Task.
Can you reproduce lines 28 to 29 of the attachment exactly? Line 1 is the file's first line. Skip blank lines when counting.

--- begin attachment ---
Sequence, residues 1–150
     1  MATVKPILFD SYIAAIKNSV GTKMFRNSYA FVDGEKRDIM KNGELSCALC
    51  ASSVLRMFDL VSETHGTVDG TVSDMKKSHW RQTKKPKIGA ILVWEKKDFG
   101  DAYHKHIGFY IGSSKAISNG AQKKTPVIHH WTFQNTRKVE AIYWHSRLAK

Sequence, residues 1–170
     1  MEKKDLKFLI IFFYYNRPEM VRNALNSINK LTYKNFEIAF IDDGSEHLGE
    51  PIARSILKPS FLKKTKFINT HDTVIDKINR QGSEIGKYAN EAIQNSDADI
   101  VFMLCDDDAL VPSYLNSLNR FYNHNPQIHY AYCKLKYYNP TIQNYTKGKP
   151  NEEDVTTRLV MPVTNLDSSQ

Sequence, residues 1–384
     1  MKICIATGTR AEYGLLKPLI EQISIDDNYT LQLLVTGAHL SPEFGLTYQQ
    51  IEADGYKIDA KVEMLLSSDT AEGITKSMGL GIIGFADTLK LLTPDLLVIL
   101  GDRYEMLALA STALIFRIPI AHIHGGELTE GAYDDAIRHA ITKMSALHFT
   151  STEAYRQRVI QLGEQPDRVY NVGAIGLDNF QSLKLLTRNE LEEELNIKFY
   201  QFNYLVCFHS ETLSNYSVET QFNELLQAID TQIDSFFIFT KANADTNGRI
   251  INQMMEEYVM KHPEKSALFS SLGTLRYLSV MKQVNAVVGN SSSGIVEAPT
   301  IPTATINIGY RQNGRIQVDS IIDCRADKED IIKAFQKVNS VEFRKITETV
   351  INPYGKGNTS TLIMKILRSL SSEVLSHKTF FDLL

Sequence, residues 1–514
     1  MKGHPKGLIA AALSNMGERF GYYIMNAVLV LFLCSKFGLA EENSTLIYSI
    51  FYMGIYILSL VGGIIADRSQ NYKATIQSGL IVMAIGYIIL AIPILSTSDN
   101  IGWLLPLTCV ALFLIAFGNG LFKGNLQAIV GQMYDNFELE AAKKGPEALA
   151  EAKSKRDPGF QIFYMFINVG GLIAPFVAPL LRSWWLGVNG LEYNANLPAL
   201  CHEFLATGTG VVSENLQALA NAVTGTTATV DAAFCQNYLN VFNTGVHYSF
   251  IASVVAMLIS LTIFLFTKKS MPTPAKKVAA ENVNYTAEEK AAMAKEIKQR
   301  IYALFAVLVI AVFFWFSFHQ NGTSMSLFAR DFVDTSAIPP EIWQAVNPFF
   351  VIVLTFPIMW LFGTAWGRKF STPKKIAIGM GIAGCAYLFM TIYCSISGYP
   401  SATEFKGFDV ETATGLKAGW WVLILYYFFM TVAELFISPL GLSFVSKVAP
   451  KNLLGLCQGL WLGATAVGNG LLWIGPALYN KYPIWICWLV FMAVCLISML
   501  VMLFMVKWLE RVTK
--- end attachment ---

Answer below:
   401  SATEFKGFDV ETATGLKAGW WVLILYYFFM TVAELFISPL GLSFVSKVAP
   451  KNLLGLCQGL WLGATAVGNG LLWIGPALYN KYPIWICWLV FMAVCLISML